When Imani stumbles across Qayn, a djinni who claims to have known her brother, she’s torn between her duty as a Shield and her desire to uncover what really happened to Atheer—a decision made all the more difficult when Qayn tells her that Atheer was smuggling tea magic to the people beyond the desert, people who, according to all Imani’s been taught, aren’t even supposed to exist.
Alongside Qayn and Taha, an arrogant Shield who has been Imani’s longtime rival, she sets out across the desert to uncover what really happened to Atheer before he endangers her home. But when what she’s been raised to believe and her beloved brother’s ideas are in conflict, who can Imani believe?
Spice Road is an atmospheric, evocative, and fast-paced fantasy adventure perfect for fans of intense, worldbuilding YA books like An Ember in the Ashes. The world of Qalia immediately pulled me in; the uniqueness of magic-infused tea and the difficulties which came with it—like needing to drink the tea frequently for power to be maintained—felt utterly natural and fully realized, a far cry from many fantasy magic systems that are unique in concept but contrived in execution. But even more than the magic, I loved the blend of a seemingly utopian society and its entrenched prejudices, two sides to this country which played out beautifully through its varied characters and the conflicts which rose organically between them through their wildly different views on the same society and its institutions. This natural, authentic interplay honestly sums up the characters of Spice Road; from the first page, Imani’s conflict and determination helped carry her struggles and journey throughout the story. But the characters are always at their best when interacting with others, because these conversations and conflicts serve to develop each of them and reveal the unique prejudices, views, backgrounds, and relationships which make them come alive so vividly. I’m already looking forward to the sequel! Detailed and absorbing, I highly recommend Spice Road to readers ages thirteen and up.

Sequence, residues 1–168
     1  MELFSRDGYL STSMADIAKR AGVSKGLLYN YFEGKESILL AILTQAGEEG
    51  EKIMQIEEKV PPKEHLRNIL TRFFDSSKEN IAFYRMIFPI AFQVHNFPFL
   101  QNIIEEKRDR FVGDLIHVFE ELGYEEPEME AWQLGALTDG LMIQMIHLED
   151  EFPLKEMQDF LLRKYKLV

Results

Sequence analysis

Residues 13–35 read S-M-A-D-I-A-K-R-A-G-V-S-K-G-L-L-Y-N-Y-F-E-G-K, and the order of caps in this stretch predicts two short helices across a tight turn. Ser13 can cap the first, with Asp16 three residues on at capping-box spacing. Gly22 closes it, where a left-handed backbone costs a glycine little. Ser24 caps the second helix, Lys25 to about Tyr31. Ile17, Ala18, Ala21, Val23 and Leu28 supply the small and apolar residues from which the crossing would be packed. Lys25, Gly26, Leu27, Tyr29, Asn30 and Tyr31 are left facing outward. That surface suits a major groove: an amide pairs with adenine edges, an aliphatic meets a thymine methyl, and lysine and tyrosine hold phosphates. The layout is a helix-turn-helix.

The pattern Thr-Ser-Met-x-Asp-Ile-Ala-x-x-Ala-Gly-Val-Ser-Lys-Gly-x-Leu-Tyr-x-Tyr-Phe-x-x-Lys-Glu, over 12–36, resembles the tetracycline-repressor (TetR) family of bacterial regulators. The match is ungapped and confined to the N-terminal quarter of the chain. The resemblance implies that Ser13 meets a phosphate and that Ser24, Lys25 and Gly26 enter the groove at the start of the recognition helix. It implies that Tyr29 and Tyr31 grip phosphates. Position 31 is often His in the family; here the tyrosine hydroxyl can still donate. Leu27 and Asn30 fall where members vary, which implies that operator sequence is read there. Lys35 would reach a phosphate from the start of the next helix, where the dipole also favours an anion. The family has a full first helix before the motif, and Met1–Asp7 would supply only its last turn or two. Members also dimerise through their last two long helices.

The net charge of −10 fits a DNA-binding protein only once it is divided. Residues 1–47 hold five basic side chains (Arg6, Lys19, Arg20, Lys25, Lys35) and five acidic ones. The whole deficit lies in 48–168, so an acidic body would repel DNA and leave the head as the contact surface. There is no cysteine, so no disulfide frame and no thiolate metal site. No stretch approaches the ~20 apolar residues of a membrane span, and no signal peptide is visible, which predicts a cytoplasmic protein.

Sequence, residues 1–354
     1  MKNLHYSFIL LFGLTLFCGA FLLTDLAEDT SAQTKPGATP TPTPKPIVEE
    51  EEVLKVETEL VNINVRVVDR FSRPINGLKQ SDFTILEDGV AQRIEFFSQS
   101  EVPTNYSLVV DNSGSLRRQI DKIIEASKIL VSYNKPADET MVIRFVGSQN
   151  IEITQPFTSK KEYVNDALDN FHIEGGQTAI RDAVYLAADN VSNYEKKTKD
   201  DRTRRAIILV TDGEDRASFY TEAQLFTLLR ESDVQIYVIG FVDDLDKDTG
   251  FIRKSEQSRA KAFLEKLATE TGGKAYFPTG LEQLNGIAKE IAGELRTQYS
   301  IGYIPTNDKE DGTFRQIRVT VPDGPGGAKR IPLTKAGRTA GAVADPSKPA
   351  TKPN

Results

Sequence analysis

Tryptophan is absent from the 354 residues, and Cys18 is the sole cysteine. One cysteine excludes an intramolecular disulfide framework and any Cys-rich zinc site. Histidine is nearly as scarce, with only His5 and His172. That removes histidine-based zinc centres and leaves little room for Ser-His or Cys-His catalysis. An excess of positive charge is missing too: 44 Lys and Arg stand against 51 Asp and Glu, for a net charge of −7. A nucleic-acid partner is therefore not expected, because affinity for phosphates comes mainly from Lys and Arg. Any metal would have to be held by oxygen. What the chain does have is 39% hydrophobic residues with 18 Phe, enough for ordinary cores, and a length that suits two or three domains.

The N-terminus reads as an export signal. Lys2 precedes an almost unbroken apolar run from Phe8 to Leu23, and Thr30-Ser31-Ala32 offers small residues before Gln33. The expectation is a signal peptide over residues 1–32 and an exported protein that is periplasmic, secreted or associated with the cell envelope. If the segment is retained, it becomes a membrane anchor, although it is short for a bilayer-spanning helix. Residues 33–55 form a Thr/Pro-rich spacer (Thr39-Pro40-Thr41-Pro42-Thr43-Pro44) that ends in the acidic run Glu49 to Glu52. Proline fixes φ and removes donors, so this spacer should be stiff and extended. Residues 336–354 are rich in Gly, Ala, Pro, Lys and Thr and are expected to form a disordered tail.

Frances, a young seamstress in Paris, is sure she’s about to lose her job. She’s long dreamed of crafting unconven-tional, spectacular gowns, but without the credits or accomplishments she needs to be taken seriously, her inadvis-able foray into more creative designs has just made her traditionalist employer furious. But instead of ruining her career, Frances’s work attracts the attention of a wealthy customer who offers her a new position—one where her creativity isn’t hemmed in by someone else’s notions of what shouldn’t be done. To her surprise, the customer is the crown prince, Sebastian.
Sebastian has always loved dresses, and now more than ever—with his parents pushing him to find the perfect princess to marry—he needs to escape the palace to find people who see him for who he really is. When he glimpses Frances’s flamboyant handiwork, he knows immediately he wants to hire her himself—and when she agrees, it seems like a dream come true for both of them.
For the first time, Frances is able to make whatever dresses she likes. And while Sebastian still has to play the perfect prince during the day, courting princesses and pleasing his parents, at night he and Frances slip into the city and he becomes Lady Crystallia, wealthy and unconventional, whose dress sense is admired and whose true identity is a carefully kept secret.
But how long can this secret be kept? And if Frances remains a secret’s dressmaker, can she ever become the famous seamstress of her dreams?
I absolutely loved The Prince and the Dressmaker. The stunning, atmospheric illustrations drew me immediately into Frances’s story; the tale flew by far quicker than I wanted it to! There was so much beauty to this story, both in the pictures and the plot itself; Frances’s quirky determination and Sebastian’s lonely hope sprang to life with vividness and sensitivity, blending together into a lovely, whimsical tale full of friendship and realism that feels as genuine as it does lovable. I particularly loved Sebastian’s understanding of his identity, which is fluid and natural instead of feeling predetermined or contrived. I highly recommend The Prince and the Dressmaker to anyone who loves queer graphic novels, particularly those with happy endings.